The United Kingdom has estimated the global cyber security industry to be worth around US$200 billion per annum, and has created a strategy to place UK industry at the forefront of the global cyber security supply base, helping countries to combat cybercrime, cyber terrorism and state-sponsored espionage.
Likewise, the United States government is facilitating trade missions to emerging markets for companies that provide cyber security, critical infrastructure protection, and emergency management technology equipment and services with the goal of increasing US exports of these products and services.
Meanwhile, Australia is going through yet another iteration of a domestic cyber security review. Australia can’t afford to wait any longer to both enhance domestic capability and grasp international leadership.
The recent Australian debate about the government’s proposed data retention scheme has seen heavy focus on the security aspects of collecting, retaining and where authorised, distributing such data.
But much of this debate masks the broader issue facing the information security industry.
Failing to keep up
The constant evolution of the online environment presents cyber threats which are constantly evolving with increasing volume, intensity and complexity.
While organisations of all shapes and sizes are considering spending more money on cyber security, the supply side of information security professionals is not keeping up with the current, let alone future demand. High schools are not encouraging enough students (particularly girls) to get interested in the traditional STEM (science, technology, engineering and maths) subjects. The higher education and vocational sectors are likewise not creating enough coursework and research options to appeal to aspiring students who are faced with evermore study options.
One example of the types of programs needed to address the shortage is the Australian Government’s annual Cyber Security Challenge which is designed to attract talented people to become the next generation of information security professionals. The 2014 Challenge saw 55 teams from 22 Australian higher education institutions take part. At 200 students, this is but a drop in the ocean given what is required.
Even for those who graduate in this field, there is a lack of formal mentoring programs (again particularly for girls), and those which are available are often fragmented and insufficiently resourced. The information security industry is wide and varied, catering for all interests and many skill sets. It is not just for technical experts but also for professionals from other disciplines such as management, accounting, legal, etc, who could make mid-career moves adding to the diversity of thinking within the industry.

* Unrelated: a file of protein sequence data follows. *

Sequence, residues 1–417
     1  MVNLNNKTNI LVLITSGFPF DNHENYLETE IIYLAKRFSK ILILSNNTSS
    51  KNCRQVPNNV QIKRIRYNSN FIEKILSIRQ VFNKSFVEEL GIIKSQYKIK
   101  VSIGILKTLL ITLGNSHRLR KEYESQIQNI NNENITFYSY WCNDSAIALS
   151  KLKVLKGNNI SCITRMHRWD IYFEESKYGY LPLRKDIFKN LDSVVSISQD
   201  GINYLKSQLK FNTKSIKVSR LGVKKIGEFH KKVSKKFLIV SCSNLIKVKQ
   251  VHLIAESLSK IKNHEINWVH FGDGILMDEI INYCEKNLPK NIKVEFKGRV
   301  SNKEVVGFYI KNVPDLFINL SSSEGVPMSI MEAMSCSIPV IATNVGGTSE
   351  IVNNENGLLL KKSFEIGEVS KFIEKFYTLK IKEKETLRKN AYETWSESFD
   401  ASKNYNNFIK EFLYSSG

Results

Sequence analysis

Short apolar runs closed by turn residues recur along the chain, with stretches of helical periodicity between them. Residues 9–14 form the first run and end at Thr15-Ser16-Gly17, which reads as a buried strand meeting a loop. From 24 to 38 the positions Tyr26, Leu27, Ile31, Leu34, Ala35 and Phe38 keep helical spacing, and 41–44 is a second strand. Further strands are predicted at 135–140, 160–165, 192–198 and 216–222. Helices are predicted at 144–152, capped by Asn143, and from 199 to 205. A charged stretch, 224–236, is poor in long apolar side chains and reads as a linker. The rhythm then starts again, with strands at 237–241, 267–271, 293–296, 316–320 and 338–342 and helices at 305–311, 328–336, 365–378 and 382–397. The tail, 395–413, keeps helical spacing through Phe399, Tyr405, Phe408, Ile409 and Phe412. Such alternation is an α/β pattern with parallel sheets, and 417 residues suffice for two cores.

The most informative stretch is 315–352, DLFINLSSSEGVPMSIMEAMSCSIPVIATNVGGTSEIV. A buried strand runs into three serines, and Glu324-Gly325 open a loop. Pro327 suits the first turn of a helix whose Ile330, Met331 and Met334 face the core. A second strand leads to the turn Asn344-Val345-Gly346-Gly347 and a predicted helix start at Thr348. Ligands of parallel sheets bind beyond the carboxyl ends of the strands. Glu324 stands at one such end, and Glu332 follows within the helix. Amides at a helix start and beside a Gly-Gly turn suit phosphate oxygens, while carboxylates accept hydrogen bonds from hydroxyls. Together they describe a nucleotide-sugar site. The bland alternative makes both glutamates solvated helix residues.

More and more organisations are adopting technology to create productivity gains, improve service delivery and drive untapped market opportunities. Their success, or otherwise, will hinge on a large pool of talented information security professionals.
We need to attract more people into cyber security roles. Universities need to produce graduates who understand the relationship between the organisation they work for, its people, its IT assets and the kinds of adversaries and threats they are facing. The vocational education sector needs to train technically adept people in real-world situations where a hands-on approach will enable them to better combat cyber attacks in their future employment roles.
Industry associations should focus on their sector - analysing the emerging information security trends and issues, and the governance surrounding information security strategy - to determine their own unique skills gap.
The government should develop a code of best practice for women in information security in collaboration with industry leaders, promoting internal and external mentoring services.